And the American Arthritis Foundation says that people with arthritis have a 61% higher risk of developing diabetes. 

Joint Pain After COVID

Research published in The Lancet in October 2020 found that almost 15 percent of COVID-19 patients report experiencing joint pain. And for many of those who already have arthritis, it appears getting the virus may exaggerate the symptoms as well. 

However, the long-term impact of COVID on our bones and joints are still unknown, and joint pain often has other underlying causes. 

If you’re experiencing joint pain post-COVID, go talk to your doctor and ask for a referral to a pain specialist or physical therapist who may be able to better help you. 

Further Reading: 

My 10 Favorite Exercises for Reducing Aches and Pains

The Best Science-proven Natural Herbal Nutritional Supplements for Stress Relief, Anxiety, Sleep and Recovery

In this article, we’ll look at what natural nutritional supplements are recommended for managing stress and reducing anxiety, based on data and science

While there’s no such thing as “magic pills” that will remove all anxiety from your life, there are some supplements out there that can help you de-stress and feel a little better at the very least. 

Natural Supplements for Stress and Anxiety

If you’re considering taking a nutritional supplement during times of stress and anxiety, there’s no shortage of supplements out there that claim to help you manage turbulent times.

But which ones (if any) actually work? 

To answer this question, we’ll turn to the most objective source of information available: PubMed, the online database maintained by the United States National Library of Medicine at the National Institutes of Health that catalogs all science journals and clinical studies.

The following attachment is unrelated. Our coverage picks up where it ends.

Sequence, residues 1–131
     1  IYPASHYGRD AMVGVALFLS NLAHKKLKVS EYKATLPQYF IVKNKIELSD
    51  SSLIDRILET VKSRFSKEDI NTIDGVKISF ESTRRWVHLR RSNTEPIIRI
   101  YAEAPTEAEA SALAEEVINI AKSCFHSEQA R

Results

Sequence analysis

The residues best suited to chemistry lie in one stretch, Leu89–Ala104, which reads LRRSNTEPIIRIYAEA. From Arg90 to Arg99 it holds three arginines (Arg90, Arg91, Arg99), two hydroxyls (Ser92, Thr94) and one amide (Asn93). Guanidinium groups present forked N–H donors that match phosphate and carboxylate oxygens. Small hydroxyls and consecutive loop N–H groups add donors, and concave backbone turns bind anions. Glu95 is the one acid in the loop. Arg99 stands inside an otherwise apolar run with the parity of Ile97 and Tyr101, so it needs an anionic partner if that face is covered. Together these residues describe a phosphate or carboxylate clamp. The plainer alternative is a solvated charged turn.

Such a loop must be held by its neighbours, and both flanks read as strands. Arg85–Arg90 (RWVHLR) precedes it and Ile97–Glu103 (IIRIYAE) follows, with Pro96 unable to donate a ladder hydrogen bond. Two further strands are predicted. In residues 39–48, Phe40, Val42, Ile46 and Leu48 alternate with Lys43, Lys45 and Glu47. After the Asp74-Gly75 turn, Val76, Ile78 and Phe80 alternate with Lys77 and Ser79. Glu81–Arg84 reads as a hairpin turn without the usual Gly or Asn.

Here are four natural supplements that may help you get at least some relief: 


Do Magnesium Supplements Work for Anxiety?

Magnesium is an abundant mineral in the body that’s naturally present in many foods, added to other food products, and available as a dietary supplement. 

Magnesium is required for energy production, contributes to the structural development of bone, and plays a role in the active transport of calcium and potassium ions across cell membranes, a process that is important to nerve impulse conduction, muscle contraction, and normal heart rhythm. 

A 2017 research review found that magnesium supplements do appear to work for anxiety, based on several small studies. 

In a 2017 study, researchers found that: 

“Existing evidence is suggestive of a beneficial effect of Mg on subjective anxiety in anxiety vulnerable samples. However, the quality of the existing evidence is poor. Well-designed randomized controlled trials are required to further confirm the efficacy of Mg supplementation. 

In a 2020 research review, researchers stated that, “stress could increase magnesium loss, causing a deficiency; and in turn, magnesium deficiency could enhance the body’s susceptibility to stress, resulting in a magnesium and stress vicious circle.”

And a 2021 study found that taking a magnesium supplement “with or without vitamin B6, could provide a meaningful clinical benefit in daily life for individuals with stress and low magnesemia.” 

There is some conflicting evidence about the ability of magnesium to treat depression, so if you’re depressed, talk to your doctor and seek other treatment methods. In a 2020 research review called The Role and the Effect of Magnesium in Mental Disorders: A Systematic Review, researchers had this to say: 

“We found three positive studies showing the efficacy of magnesium supplementation in the treatment of depression. In contrast, Fard et al. (2017) showed that magnesium did not reduce anxiety and depressive symptoms in postpartum women.”

Magnesium Safety and Side Effects

High doses of magnesium from supplements or medications can cause nausea, abdominal cramping and diarrhea.